Usually when discussing Fermi liquid theory, it is stated that due to the quasiparticles effectively behaving like a free electron gas with effective mass, the specific heat is linear in $T$ at small temperatures.
However, it turns out the Helium-3 has also a dependence of type $T^3 \ln T$. I want to understand where this comes from. Apparently it has something to do with spin fluctuations. I found the relevant paper by Pethick et al ( Pethick, C. J., and G. M. Carneiro. “Specific Heat of a Normal Fermi Liquid. I. Landau-Theory Approach.” Physical Review A 7, no. 1 (January 1, 1973): 304–318. ) however a bit dense to read and not very elucidating.
Since at that time Pethick et al didn't know about renormalization group and other nice modern techniques, is there today maybe a more accessible treatment of spin fluctuations?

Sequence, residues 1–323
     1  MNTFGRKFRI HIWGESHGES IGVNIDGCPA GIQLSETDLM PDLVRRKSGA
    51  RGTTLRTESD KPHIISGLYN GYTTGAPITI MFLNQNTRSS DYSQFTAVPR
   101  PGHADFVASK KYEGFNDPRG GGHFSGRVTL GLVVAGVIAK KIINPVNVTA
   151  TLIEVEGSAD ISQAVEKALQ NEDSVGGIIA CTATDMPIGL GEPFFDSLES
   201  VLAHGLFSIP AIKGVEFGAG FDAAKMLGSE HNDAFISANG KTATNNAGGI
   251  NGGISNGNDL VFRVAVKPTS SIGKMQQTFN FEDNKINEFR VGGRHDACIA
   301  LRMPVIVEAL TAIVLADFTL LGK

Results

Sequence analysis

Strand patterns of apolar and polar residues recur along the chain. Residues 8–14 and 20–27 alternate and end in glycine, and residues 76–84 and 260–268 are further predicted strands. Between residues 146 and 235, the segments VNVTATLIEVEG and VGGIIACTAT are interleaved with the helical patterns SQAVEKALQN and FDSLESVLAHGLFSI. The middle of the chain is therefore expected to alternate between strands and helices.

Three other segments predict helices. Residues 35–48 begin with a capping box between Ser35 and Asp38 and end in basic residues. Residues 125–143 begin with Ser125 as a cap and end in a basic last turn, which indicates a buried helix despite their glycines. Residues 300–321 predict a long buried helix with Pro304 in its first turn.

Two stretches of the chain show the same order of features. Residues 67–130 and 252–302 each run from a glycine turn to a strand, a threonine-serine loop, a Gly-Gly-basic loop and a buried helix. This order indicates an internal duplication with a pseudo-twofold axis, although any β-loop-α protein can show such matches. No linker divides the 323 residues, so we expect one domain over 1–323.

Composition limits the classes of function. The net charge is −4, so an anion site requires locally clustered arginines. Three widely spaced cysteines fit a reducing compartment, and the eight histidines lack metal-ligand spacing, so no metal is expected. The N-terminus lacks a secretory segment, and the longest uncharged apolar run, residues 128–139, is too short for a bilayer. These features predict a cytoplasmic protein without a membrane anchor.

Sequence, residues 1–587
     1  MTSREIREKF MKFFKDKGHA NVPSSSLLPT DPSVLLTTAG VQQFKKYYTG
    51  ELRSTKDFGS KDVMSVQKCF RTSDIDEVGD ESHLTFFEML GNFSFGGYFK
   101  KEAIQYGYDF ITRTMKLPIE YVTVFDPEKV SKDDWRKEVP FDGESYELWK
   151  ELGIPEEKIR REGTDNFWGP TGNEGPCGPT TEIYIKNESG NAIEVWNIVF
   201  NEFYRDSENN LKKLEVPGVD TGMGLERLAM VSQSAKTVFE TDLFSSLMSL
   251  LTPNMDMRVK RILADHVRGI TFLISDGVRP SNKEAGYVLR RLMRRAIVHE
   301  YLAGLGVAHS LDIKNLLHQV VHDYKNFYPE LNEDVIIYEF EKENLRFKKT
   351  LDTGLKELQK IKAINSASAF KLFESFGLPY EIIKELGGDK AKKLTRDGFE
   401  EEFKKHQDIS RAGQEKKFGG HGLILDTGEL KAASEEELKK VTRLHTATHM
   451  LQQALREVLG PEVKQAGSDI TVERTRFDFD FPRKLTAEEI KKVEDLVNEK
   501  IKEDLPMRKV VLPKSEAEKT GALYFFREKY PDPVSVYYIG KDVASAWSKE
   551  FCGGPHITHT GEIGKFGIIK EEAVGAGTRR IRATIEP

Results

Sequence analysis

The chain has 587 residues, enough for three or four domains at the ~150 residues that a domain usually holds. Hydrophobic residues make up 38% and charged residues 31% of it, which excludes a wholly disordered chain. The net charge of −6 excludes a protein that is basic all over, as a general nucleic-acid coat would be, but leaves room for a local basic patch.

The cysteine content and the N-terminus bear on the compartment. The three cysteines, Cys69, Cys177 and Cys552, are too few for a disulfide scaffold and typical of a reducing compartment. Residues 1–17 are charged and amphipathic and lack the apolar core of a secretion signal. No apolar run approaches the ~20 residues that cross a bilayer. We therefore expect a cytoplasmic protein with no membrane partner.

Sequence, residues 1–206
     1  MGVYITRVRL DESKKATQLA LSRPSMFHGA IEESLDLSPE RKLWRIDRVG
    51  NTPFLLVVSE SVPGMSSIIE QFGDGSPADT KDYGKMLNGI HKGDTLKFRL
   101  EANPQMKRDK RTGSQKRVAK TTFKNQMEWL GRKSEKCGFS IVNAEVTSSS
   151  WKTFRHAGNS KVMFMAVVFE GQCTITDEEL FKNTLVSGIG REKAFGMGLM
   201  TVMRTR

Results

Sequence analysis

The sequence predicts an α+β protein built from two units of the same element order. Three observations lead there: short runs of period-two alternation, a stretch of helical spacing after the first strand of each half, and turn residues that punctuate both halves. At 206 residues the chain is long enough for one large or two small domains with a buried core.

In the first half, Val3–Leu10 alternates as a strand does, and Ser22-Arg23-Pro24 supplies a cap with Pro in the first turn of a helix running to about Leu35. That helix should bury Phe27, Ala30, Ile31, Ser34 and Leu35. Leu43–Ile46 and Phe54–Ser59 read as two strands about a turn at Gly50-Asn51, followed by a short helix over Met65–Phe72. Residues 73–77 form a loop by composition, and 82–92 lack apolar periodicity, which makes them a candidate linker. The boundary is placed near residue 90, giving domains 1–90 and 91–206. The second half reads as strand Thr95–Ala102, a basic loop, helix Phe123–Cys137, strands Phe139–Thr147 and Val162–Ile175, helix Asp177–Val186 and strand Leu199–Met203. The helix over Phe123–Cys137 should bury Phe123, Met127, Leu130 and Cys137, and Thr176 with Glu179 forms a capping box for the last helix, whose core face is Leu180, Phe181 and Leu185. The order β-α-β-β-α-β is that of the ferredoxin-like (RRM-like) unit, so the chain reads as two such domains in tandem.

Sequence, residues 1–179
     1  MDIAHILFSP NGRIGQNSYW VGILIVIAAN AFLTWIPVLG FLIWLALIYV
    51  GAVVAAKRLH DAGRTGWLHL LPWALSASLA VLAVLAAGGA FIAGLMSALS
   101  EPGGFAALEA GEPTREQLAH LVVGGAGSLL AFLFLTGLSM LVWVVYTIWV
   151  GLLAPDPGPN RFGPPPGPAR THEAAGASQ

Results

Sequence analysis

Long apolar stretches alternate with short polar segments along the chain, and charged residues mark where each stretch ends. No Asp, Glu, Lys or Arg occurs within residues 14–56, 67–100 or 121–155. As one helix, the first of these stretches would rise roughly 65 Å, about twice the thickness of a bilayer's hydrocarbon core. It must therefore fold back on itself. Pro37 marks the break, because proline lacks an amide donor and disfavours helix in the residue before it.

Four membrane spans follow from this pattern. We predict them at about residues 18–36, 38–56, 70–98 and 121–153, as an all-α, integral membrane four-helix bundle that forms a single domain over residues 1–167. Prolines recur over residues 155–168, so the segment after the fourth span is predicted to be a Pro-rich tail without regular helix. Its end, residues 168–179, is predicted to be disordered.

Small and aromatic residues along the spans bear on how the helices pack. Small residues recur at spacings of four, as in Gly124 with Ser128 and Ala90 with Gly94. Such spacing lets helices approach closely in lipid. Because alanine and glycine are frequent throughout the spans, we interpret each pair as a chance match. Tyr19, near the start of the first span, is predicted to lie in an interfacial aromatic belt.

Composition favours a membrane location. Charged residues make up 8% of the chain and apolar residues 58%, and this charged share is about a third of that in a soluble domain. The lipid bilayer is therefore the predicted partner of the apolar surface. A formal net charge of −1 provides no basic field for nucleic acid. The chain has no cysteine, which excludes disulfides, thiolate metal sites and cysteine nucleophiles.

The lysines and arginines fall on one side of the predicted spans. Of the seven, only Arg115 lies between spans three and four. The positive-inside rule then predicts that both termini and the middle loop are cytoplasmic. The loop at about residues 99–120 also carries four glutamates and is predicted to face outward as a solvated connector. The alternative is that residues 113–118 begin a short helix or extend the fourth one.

For example, I think I have gleaned from their paper that the contribution somehow arises from a dressing of the two-particle vertex. But on the other hand, RG tells me that the Landau parameters $F$ don't renormalize, so I wouldn't expect such a dressing.
It also seems that their contribution to the specific heat gives a term that depends not only on the angle between two scattered momenta, but also their magnitude. However, in the usual RG approach all deviations from the Fermi surface give rise to irrelevant operators... (In the language of the review paper of Shankar, Shankar, R. “Renormalization-group Approach to Interacting Fermions.” Reviews of Modern Physics 66, no. 1 (1994): 129.)
I probably see this way more complicated than it really is...
Does anyone have a comment or a good source for this problem?